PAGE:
Revealing the truth and offering clarity in misconception, Challenge 2.0 connects and strengthens local communities. We facilitate conversations about anti-semitism, interfaith, Islamophobia, cultural racism, religious oppression, and violence against faith-based communities.
Challenge 2.0 is produced in partnership with Weigle Broadcasting and Seattle Community Cable TV. It was recreated in 2017 based on the original Challenge show started by Rabbi Raphael Levine and Father William Treacy.
The program is hosted by Executive Producer Jeff Renner. Produced by Tom Buttersworth and John Sharify. Cameras and Audio by Rich McAdams, Tom Buttersworth and Dean Cuccia. Ean Olsen Is the Production Assistant.
To find your local TV listing on MeTV. All episodes are also available on YouTube.
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Who do we include in the show?
The Pacific Northwest is a beautiful tapestry of cultures, perspectives and traditions. We strive to invite people from all of them to join us and add their voices – and their wisdom – to the show. This includes people from all wisdom traditions including Jewish, Islamic, Buddhist, Christian, Hindu, Native American, Sikhs, Baha’i, Unitarian, Tao, Confucian, Atheist, Humanist, Agnostic and many more. Our combined voices deepens our interfaith wisdom for the challenges we are currently facing.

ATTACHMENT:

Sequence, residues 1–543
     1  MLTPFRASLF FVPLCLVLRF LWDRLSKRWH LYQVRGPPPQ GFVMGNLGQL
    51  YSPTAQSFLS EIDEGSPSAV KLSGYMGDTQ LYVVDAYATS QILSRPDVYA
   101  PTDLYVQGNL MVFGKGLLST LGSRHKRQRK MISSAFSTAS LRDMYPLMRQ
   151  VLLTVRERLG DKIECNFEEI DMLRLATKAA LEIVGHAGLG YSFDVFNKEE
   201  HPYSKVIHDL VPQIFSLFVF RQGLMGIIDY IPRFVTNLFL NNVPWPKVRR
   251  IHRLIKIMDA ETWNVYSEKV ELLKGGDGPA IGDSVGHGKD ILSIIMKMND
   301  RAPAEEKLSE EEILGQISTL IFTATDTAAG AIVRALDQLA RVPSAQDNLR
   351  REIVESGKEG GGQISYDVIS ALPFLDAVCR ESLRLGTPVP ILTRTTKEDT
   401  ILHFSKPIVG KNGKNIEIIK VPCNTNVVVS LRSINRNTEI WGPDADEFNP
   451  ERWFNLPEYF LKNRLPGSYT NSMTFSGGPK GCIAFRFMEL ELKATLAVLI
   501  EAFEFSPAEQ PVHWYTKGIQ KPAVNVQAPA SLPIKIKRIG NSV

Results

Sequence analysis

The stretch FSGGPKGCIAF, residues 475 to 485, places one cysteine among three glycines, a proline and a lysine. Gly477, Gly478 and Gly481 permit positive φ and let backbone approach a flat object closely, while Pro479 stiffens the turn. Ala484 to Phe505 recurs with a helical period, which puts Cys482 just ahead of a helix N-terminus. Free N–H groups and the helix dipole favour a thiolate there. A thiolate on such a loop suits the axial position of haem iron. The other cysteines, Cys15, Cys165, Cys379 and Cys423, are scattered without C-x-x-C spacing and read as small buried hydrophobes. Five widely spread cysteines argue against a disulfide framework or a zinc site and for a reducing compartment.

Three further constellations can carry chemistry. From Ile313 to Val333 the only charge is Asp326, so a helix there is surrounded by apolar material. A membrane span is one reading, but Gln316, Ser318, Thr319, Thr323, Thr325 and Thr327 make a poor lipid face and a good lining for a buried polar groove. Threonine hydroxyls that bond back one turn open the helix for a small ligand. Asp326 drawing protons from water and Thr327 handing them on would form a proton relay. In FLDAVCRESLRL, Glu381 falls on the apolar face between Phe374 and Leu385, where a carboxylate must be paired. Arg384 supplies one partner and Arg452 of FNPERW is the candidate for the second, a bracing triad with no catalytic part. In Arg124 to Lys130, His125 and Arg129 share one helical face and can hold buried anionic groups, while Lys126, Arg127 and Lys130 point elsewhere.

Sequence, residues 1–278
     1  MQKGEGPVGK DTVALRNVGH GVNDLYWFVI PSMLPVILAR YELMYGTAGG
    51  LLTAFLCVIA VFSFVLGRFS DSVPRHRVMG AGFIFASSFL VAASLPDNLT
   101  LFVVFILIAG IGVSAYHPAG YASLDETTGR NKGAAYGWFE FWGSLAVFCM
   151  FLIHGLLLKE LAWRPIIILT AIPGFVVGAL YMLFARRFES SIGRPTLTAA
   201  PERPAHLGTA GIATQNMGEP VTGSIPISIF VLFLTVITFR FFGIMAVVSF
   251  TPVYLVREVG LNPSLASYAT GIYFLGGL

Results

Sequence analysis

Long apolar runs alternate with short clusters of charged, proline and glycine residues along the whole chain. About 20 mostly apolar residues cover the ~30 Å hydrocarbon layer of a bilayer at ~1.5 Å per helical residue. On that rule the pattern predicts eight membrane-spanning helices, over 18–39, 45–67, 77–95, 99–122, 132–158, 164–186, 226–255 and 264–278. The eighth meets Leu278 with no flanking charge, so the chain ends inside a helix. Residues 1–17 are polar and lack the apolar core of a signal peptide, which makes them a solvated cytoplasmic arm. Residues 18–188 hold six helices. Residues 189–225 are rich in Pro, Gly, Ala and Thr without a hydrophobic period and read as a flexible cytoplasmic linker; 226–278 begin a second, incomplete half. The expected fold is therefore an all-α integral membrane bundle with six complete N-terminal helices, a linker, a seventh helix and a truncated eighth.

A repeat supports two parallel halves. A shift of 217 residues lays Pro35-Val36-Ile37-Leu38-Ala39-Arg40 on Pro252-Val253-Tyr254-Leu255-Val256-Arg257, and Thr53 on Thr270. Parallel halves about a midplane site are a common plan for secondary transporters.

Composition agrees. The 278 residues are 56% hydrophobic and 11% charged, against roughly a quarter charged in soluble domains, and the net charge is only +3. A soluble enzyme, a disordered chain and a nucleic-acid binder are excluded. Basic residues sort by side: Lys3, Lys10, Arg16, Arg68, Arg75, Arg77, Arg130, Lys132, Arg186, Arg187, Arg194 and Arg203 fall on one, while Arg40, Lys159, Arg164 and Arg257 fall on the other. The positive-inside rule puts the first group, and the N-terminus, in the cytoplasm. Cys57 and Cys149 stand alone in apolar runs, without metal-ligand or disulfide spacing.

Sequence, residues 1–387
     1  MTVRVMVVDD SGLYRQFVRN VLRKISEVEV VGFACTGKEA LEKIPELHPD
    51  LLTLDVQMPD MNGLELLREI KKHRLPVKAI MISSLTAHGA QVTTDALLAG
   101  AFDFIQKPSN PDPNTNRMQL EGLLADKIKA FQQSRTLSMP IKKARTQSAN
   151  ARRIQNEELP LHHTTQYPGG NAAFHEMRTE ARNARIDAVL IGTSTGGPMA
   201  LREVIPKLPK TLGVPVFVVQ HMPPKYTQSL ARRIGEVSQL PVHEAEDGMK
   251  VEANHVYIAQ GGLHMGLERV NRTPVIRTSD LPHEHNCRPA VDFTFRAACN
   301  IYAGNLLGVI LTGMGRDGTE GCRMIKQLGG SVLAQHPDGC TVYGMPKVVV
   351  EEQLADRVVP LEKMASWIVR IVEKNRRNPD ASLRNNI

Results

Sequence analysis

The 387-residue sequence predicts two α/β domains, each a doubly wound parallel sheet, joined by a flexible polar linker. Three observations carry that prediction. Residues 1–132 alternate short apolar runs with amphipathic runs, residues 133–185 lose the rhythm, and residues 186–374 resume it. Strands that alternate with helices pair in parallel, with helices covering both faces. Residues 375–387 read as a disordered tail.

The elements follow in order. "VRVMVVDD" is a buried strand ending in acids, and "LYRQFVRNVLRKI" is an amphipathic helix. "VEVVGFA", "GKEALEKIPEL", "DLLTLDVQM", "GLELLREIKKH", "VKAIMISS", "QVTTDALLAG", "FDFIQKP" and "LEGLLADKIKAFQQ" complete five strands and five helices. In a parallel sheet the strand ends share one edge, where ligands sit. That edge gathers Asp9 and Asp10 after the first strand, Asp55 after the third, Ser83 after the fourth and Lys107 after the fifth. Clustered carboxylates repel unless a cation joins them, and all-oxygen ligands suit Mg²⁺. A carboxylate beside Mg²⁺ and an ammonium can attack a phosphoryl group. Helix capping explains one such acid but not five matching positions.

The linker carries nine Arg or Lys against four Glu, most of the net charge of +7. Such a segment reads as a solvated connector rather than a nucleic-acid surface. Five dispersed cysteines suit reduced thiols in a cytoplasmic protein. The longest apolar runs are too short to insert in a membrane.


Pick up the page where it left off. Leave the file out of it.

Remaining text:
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But please consider, when something we say or do harms another person to recognize the impact you have had on the other and offer restitution instead of only focusing on what you meant to do. This honors the value of the other person and opens a door to healing.
Don’t try to change their mind, but just keep telling positive stories. Most of us do not want to walk around in fear. When given the chance to see how much we have in common, to see the strength of different points of view working on our common problems many people will gladly remove fear from their hearts
At PTU we believe that the Divine is best expressed in our world when human beings seek to have power with each other. In this power, those with more perceived power must boldly step back and listen and those with less perceived power must boldly step forward so that all voices and wisdoms may inform our mutual work. This does not mean that those with more perceived power cannot use their power, but must at every step, discern how to use it and whether or not to use it, to further a change the system. People acting to have power with each other don’t want to win the game, but change the rules of the game so everyone can win. They want to do away with dominance and build what Martin Luther King called the Beloved Community.